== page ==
Tragedies that occur throughout the Late Modern world tend to create “worthy” victims who occupy public attention and sympathy, and dehumanized “unworthy” victims who are less deserving of our sympathy. This essay attempts to arrest attention to the unworthy victims of Yemen, where 14 million people are on the brink of starvation. God’s definitive self-revelation in the crucified and risen Messiah from Nazareth calls into question the world’s economy of human worth.
By Joshua Heavin
In their 1988 classic Manufacturing Consent: The Political Economy of Mass Media, Edward Herman and Noam Chomsky outline one of the more grotesque and banal features of America’s public liturgies: the recognition of “worthy” and “unworthy” victims on the world stage. Events such as school shootings or internationally-led terrorist attacks on predominately-White victims tend to receive vast and immediate public attention, huge outpourings of grief, and widespread charitable aid. Although every situation is unique, tragedies against “worthy victims” tend to necessitate a familiar, grim, public ritual: government officials hold press conferences outlining what occurred, and express condolences to victims’ families and the desire for justice. Sometimes, they take action. But other tragedies and atrocities happen to “unworthy victims,” an appropriately bizarre notion. Among historically-marginalized or -disenfranchised peoples, these tragedies and atrocities garner much less public interest, almost regardless of the comparable scale or severity.
One of the more radical actions that can be taken by followers of the crucified Messiah from Nazareth is to refuse to accept or be normalized to this state of affairs. Victims and their dignity are not discriminatorily worthy or unworthy of our empathy, compassion, and mercy in a moral imagination formed by the food and drink of Christ’s broken body and shed blood.
Jesus of Nazareth was not a worthy victim. An impoverished Jew—and one from Nazareth at that— Jesus was spat upon, mocked, and ultimately lynched by an empire obsessed with prestige and power, and behind them, the powers of Sin and Death (1 Cor 2:8).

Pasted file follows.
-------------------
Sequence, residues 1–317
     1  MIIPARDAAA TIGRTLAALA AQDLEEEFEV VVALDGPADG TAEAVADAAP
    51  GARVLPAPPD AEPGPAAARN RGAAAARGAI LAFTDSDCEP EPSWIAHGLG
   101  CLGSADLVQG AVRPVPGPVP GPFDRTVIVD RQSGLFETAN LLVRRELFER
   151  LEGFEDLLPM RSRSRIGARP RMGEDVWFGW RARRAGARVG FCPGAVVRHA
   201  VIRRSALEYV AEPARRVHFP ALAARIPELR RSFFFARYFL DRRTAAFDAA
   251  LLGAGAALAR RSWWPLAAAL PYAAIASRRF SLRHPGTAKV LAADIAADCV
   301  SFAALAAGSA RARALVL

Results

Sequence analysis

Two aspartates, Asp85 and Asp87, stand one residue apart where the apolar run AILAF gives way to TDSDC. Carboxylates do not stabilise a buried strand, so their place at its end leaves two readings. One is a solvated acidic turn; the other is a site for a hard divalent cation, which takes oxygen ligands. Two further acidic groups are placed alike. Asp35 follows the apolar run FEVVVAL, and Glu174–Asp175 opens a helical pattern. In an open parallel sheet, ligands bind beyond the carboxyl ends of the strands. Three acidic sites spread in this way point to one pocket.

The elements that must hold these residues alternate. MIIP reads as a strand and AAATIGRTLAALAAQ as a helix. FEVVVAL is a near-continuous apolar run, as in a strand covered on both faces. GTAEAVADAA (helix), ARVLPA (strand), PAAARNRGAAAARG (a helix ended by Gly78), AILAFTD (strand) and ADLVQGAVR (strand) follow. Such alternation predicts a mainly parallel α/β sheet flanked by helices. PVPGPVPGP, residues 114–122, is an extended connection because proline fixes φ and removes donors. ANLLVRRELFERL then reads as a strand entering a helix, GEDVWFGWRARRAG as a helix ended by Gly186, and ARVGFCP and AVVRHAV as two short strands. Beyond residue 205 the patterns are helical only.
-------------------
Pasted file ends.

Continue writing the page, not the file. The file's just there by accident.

On August 9, 40 boys between the ages of six and eleven died on a school bus in Yemen. Eleven adults also died and 79 others were wounded, including 56 children. They were struck by a laser-guided, 500-pound MK-82 bomb made by Lockheed Martin, supplied along with intelligence and refueling by the United States to Saudi Arabia’s coalition in the ongoing conflict in Yemen. In a separate incident on August 24, another bomb was dropped, killing 22 children and four women.
The Saudi coalition supported by the U.S. has caused a humanitarian crisis of an almost unfathomable magnitude in Yemen. As of October 24, the United Nations reported that 22 million people were in dire need of humanitarian aid and facing “pre-famine” conditions in addition to extreme scarcity of clean water. The near-collapse of Yemen’s healthcare system has caused shortages for all medical needs in Yemen.
To be clear, the native Houthis have been accused of their own egregious crimes, but the country’s children have not been regarded as “worthy victims,” as noted by the Guardian:
More than three years into Yemen’s war, the horrifying statistics induce a sense of hopelessness: 57,000 people killed, 14 million at risk of famine, 10,000 new cholera cases each week. Save the Children estimates 85,000 under-fives have starved to death. That’s an average of 77 a day since 2015. If 77 children died from avoidable causes on a single day in the UK or US, the roar of grief and anger would be heard around the world.
The story of Yemen’s war is a story of international indifference, self-interest and cynical manipulation. World leaders at this year’s G20 summit mostly paid lip service to the issue, if they discussed it at all.
It is not the case that we simply need to send aid to a famished region undergoing natural disasters; the U.S. has actively supported Saudi Arabia’s blockade that has directly caused the famine, and which is preventing food from entering the country to alleviate this suffering. According Nicholas Kristof in The New York Times, “Our tax dollars are going to starve children.” Children, like 12-year-old Abrar, whose name we should know and whose photo we should not turn our eyes away from.
“The story of Yemen’s war is a story of international indifference, self-interest and cynical manipulation.”
The connection between American citizens and the humanitarian crisis in Yemen cannot be morally reduced to taxes. But it is not insignificant, as The Atlantic reports, that “U.S. taxpayers have been footing the bill for a major part of the Saudi-led campaign, possibly to the tune of tens of millions of dollars.”
The scale of potential starvation in Yemen are numbers of holocaust proportion. Why are we not losing our minds about this? Why are we tweeting about Jimmy Butler’s drama with the Timberwolves and 76ers, or Kanye West’s latest marketing spectacle? Perhaps it is because we would prefer that these horrifying realities did not exist.